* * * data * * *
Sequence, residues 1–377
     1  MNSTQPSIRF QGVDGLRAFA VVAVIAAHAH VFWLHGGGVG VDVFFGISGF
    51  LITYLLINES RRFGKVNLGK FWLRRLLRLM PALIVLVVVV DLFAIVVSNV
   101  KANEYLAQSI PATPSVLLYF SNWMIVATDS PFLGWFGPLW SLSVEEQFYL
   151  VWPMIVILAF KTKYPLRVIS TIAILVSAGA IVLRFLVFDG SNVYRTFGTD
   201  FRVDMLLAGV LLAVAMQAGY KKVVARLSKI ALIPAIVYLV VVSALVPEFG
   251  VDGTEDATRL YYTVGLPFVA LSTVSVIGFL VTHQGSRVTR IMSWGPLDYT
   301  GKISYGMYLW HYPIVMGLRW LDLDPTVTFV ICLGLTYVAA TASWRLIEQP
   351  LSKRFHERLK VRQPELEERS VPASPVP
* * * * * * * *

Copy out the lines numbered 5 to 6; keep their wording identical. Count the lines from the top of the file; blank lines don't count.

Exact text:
   151  VWPMIVILAF KTKYPLRVIS TIAILVSAGA IVLRFLVFDG SNVYRTFGTD
   201  FRVDMLLAGV LLAVAMQAGY KKVVARLSKI ALIPAIVYLV VVSALVPEFG